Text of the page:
Skip to main content

Climate Change

Our climate is changing rapidly and will impact our seas and ocean. EMB foresight activities on Climate Change assessed how the output of scientific research on the impacts of climate change on the marine environment are effectively translated to end users, and developed products and mechanism to ensure that reach in this filed is generating the desired impact in terms of public opinion and the development of effective policy.


Science Commentary 2, The Ticking Time Bomb of Climate Change (March 2017)

News article and news release for the publication (March 2017)

News re-release for the publication (March 2018)

 Impact report for the climate change publication (September 2019)

Science Commentary 1, Getting Ready for an Ice-free Arctic (April 2013)



Special Report, Climate Change and Marine Ecosystem Research (September 2011)



Position Paper 9, Impacts of Climate Change on the European Marine and Coastal Environment (March 2007)



Working Group (2005-2007) 


Climate for the 21st century is expected to be largely different from the present and the recent past, although there are good indications that during the Pleistocene CO2 and temperatures have been higher during certain periods than today. Temperatures are rising, 1998 has broken the record of the last millennium and 2002 arrived just behind. Clearly our climate is changing rapidly and climate change will impact regional sea environments in different ways.

Various European Institutions (e.g. UK Hadley Centre) have prepared global and regional climate change predictions which suggest a range of impacts including increased storminess, increased coastal erosion, changes in the biography of commercial species. Both positive and negative impacts (from a human perspective) have been identified.


The object of this Working Group was to summarize predicted climate change impact scenarios for Europe’s Regional Seas: Arctic, Baltic, Atlantic, Mediterranean and Black Sea, and identify future marine monitoring and R&D needs. In particular:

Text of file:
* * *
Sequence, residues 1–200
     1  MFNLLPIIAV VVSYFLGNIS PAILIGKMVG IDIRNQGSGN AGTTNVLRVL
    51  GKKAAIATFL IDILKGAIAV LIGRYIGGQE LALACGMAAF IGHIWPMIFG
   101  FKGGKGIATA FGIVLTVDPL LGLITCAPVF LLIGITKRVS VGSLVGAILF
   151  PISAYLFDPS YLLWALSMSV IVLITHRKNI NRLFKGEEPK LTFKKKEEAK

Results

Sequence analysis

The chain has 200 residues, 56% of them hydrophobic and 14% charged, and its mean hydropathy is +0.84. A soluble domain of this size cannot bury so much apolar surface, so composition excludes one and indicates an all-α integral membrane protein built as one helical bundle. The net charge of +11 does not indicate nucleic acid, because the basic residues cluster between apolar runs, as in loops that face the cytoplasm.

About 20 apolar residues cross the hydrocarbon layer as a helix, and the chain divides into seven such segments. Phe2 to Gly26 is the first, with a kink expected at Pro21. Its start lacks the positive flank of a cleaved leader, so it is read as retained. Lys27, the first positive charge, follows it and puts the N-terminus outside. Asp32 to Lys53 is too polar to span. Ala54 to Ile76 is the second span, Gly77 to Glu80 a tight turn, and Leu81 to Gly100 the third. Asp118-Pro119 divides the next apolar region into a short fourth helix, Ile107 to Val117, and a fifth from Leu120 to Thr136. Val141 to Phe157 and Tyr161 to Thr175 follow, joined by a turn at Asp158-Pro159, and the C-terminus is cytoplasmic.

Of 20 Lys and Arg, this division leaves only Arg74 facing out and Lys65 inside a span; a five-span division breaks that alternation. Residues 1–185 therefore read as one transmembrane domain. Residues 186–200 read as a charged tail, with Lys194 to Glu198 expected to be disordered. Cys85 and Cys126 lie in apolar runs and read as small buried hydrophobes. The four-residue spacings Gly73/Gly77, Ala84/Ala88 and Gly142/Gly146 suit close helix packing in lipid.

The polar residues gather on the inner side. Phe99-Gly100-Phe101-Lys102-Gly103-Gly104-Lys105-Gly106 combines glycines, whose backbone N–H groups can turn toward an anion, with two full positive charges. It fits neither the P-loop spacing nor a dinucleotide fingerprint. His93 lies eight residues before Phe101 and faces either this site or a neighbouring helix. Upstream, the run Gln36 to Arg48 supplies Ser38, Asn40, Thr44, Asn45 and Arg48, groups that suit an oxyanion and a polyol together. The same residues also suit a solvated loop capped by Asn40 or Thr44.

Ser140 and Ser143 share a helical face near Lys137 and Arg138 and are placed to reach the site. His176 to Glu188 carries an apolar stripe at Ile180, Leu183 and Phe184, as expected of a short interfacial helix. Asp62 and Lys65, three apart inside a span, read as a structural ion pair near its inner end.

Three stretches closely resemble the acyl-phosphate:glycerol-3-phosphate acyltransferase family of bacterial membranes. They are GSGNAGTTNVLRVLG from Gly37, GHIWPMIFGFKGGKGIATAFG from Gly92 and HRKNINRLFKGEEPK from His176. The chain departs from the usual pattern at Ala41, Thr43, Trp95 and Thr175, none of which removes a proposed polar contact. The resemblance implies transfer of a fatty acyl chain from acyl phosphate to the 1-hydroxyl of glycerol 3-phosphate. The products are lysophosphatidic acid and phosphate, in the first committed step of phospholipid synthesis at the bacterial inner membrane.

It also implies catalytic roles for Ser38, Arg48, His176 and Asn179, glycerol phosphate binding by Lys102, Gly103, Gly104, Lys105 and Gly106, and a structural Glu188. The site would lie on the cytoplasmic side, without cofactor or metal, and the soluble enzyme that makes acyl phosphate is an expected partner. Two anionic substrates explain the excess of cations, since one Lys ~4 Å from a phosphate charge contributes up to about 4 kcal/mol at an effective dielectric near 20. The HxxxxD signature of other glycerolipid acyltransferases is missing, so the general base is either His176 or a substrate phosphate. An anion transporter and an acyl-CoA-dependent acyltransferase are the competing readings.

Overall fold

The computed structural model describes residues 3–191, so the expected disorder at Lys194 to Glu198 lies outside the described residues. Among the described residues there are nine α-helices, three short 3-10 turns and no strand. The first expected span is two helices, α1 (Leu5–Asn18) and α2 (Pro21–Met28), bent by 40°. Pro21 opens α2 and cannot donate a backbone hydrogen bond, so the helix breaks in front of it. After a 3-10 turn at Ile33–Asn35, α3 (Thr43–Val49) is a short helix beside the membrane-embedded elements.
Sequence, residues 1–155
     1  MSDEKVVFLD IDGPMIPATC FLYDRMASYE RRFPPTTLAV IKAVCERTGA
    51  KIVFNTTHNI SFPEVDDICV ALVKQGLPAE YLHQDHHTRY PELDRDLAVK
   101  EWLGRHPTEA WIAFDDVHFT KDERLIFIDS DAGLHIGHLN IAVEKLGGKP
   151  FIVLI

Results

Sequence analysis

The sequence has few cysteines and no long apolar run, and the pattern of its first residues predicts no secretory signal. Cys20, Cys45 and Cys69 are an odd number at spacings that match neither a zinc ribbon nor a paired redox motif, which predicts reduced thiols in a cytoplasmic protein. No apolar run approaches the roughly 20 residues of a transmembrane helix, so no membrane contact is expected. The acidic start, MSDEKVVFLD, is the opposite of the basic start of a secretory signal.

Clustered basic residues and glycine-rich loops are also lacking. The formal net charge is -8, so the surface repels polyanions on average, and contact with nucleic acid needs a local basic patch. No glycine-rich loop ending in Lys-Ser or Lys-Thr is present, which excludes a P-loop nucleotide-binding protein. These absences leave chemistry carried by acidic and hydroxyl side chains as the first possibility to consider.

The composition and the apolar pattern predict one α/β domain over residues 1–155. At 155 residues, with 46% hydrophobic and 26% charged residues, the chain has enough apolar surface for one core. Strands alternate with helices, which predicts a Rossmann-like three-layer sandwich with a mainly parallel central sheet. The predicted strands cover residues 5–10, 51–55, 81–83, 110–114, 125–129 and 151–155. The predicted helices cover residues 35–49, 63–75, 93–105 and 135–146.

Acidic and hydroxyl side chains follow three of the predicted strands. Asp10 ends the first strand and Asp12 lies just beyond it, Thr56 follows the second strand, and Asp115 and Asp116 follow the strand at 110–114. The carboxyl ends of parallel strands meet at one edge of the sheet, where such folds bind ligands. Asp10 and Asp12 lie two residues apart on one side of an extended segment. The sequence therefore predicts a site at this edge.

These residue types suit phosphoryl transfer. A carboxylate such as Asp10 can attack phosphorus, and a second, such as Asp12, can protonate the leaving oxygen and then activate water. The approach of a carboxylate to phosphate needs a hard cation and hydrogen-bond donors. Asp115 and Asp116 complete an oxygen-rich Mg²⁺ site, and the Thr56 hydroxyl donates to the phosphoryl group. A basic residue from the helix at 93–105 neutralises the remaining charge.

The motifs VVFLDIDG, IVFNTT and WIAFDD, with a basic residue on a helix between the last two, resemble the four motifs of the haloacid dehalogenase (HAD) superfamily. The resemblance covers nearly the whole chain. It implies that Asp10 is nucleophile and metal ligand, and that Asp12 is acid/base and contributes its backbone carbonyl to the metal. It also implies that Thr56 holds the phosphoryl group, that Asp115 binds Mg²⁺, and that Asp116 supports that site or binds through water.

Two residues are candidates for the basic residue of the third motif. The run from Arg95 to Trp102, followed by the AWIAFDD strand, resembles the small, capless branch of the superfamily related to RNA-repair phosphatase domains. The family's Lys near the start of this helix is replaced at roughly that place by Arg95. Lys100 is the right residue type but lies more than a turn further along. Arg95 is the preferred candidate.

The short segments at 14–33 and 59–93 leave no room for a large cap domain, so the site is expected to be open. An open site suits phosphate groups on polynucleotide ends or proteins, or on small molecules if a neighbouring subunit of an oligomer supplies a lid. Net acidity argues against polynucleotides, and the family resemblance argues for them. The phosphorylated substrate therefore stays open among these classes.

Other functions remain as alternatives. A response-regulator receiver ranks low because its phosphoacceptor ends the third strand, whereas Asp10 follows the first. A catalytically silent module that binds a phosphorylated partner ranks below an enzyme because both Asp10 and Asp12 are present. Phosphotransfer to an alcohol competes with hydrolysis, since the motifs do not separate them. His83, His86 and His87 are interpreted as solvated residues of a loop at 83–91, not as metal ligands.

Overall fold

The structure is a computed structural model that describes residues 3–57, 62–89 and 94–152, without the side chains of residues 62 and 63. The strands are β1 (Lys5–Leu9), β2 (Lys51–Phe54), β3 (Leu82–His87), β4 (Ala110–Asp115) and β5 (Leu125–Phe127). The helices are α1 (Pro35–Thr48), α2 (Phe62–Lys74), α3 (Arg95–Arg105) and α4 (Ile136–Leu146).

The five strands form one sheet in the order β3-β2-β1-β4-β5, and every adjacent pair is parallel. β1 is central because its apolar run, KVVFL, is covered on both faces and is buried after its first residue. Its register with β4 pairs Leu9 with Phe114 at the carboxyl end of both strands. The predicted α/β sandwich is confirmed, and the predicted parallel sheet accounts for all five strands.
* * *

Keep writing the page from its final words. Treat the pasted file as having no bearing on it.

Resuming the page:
• Rising the awareness of European citizens and society at large of the effects of climate change on the marine and environment and associated socio-economic consequences
  • Drawing attention to the gap between what is known through research and what policy makers and the public know to ensure that appropriate and sustainable adaption strategies are developed and implemented
  • Understanding the impacts of climate change on the oceans


Related activities

  • 5-9 June 2017: UN Conference to Support the Implementation of SDG14, New York
  • 5-7 April 2017: Climateurope Festival, Valencia
  • 14-15 March 2017: 19th International Conference on Biodiversity, Ecology and Conservation of Marine Ecosystems, London
  • 3 March 2017: VLIZ Marine Scientists Day, Bruges
  • 27 February 2017: Fifth International Conference on Climate Services (ICCS5), Cape Town
  • 22-24 February 2017: World Ocean Summit, Bali
  • 16 February 2017: 1st International Conference on Climate Change 2017: Facing the challenge beyond COP21, Sri Lanka
  • 15-16 February 2017: Preparatory Meeting for UN Conference on SDG 14, New York
  • 6-9 December 2016: Scoping of the IPCC Special Report on “Climate change and oceans and the cryosphere”, Monte Carlo, Monaco
  • 5 December 2016: Research and Innovation for achieving the Sustainable Development Goals in the European Context: Current State of Play and Ways Forward, Brussels
  • Arctic Science summit (13 -19 April 2013, Kraków, Poland) – launch of the Science Commentary “Getting ready for an Ice-free Arctic”. The commentary calls or multi-annual and multi-sectoral investment to increase Europe’s capacity to observe and study the Arctic Ocean ecosystem before the region is transformed by rapid environmental change and commercial exploitation. The call for action represents a common vision approved by the 35 Marine Board Member Organizations and is strongly supported by the European Polar Board (EPB).



  • 27–28 September 2005, Brussels, Belgium
  • 24 –25 January 2006, Brussels, Belgium
  • 27–29 March 2006, Brussels, Belgium



Chair: Catharina J.M. Philippart, Netherlands Institute for Sea Research, The Netherlands

Working Group members:

Ricardo Anadón, Dep. de Biología de Organismos y Sis¬temas, Universidad de Oviedo, Spain
Roberto Danovaro, Dipartimento di Scienze del Mare, Italy
Joachim W. Dippner, Baltic Sea Research Institute, Germany
Kenneth F. Drinkwater, Institute of Marine Research, Norway
Stephen J. Hawkins, Marine Biological Association of the UK
Geoffrey O’Sullivan, Marine Institute, Ireland
Temel Oguz, Institute of Marine Sciences, Turkey
Philip C. Reid, SAHFOS, United Kingdom


Contact at European Marine Board Secretariat: Email